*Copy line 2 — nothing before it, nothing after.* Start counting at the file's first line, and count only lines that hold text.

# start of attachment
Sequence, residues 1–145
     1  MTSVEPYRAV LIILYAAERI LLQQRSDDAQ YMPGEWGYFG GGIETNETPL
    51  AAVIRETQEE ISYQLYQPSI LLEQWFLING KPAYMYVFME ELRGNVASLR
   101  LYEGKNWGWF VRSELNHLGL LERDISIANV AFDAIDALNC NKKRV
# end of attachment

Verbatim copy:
     1  MTSVEPYRAV LIILYAAERI LLQQRSDDAQ YMPGEWGYFG GGIETNETPL